IP Update – Trademark Infringement

02-04-2014

Author: Gavin Woods, Rob Corbet, Olivia Mullooly



Bayerische Moteren Werke Aktiengesellschaft v Edward Ronayne (trading as BMWCare) [2013] IEHC 612

A recent decision of the Irish High Court examined the use of the BMW word mark by a business which specialises in repairing BMW cars but is not associated with BMW. In a decision of Mr. Justice Ryan, it was held that the Defendant, Mr. Edward Ronayne who traded as “BMWCare” was engaged in trademark infringement and passing off. The Court held that Mr. Ronayne’s use of “BMW” went beyond advertising his services, that he had sought to create an identity using the name “BMW” and had not done enough to avoid the inference of a commercial connection.

The Background

High Court proceedings were issued by BMW, the worldwide company with a well-recognised brand, holding a number of internationally recognised trade marks in December 2010. The Defendant was Edward Ronayne (trading as BMWCare) who operated a garage in the west of Ireland specialising in BMW repairs. Mr Ronayne used the name “BMWCare” in his email address and domain name. He also registered it as a business name and, for a time, had used the BMW roundel logo on his website.

The Issues

BMW claimed that this usage constituted infringement of its trade marks rights and the tort of passing off as Mr. Ronayne was passing off his business as being associated with BMW. BMW stated that it had no objection to Mr Ronayne referring to BMW in the course of his business as long as it was done in a legally permissible manner.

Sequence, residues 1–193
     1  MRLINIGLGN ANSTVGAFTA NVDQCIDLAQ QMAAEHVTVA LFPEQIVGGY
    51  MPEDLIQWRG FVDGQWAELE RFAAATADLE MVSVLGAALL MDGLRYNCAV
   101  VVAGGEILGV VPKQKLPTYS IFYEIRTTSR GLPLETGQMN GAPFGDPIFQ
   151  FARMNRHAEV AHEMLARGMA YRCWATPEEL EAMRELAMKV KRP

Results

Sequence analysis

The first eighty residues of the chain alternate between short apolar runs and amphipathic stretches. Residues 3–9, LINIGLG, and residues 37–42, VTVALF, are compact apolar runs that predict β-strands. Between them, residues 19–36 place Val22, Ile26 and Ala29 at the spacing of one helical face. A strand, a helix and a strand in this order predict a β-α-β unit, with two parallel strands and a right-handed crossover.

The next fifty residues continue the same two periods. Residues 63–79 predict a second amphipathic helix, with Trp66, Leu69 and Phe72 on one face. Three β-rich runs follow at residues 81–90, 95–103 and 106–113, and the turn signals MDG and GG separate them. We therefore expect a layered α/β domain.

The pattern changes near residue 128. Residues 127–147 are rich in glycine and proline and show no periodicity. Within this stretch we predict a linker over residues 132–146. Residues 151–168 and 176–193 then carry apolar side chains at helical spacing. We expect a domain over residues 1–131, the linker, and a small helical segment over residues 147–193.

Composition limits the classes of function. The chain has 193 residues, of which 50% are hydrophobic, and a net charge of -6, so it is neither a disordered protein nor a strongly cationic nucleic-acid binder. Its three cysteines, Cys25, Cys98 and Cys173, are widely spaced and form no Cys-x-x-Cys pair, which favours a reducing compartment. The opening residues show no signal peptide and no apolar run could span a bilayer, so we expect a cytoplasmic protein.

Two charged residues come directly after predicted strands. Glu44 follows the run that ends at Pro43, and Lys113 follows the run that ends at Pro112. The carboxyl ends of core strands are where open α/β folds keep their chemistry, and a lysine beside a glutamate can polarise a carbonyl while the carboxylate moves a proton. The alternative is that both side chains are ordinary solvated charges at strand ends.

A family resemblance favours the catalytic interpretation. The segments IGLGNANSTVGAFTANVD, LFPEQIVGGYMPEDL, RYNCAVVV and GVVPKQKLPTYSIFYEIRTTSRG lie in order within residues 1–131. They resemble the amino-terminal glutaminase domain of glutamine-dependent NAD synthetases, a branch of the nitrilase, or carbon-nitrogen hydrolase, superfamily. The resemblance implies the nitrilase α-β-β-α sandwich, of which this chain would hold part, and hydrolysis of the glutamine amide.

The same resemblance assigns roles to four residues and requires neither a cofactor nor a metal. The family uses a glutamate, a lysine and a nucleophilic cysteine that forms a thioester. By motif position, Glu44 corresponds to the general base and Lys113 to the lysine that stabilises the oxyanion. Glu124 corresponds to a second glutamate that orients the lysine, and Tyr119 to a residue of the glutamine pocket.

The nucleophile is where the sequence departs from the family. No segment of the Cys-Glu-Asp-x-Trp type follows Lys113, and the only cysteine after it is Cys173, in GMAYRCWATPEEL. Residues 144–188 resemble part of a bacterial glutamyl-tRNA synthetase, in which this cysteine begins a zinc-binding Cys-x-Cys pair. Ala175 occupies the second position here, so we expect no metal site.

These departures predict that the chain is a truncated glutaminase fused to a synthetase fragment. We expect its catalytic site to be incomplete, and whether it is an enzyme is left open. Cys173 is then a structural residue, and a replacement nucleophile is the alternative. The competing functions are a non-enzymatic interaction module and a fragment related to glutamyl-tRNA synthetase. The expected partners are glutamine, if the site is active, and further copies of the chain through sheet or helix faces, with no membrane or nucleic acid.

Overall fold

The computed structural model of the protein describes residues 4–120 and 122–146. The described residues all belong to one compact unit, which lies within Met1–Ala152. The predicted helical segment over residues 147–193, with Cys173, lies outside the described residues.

Mr Ronayne argued that he had deliberately attempted to disassociate himself from BMW by including on his website statements such as: “Independent advice and assessment” and “We are proud to be independent”. He also claimed that his use of that name was legitimate under section 15(2) of the Trade Marks Act 1996 and the CJEU (previously ECJ) case law.

Sections 15(2)(b) and (c) of the Trade Marks Act 1996 provides that a registered trade mark is not infringed by the use of indications concerning, among other factors, the kind and intended purpose of a service; or by the use of the trade mark where it is necessary to indicate the intended purpose of a product or service, in particular, as accessories or spare parts “provided that such use is in accordance with honest practices in industrial and commercial matters”. BMW argued that Mr. Ronayne’s actions in trading under the BMWcare name was in breach of section 14(3) of the Trade Marks Act as it was tarnishing its mark, given that BMW had no control over the standard of Mr. Roynayne’s business. BMW made particular reference to stringent requirements to become a BMW authorised service agent, who are independent of BMW and who are not permitted to use the BMW logo on their websites.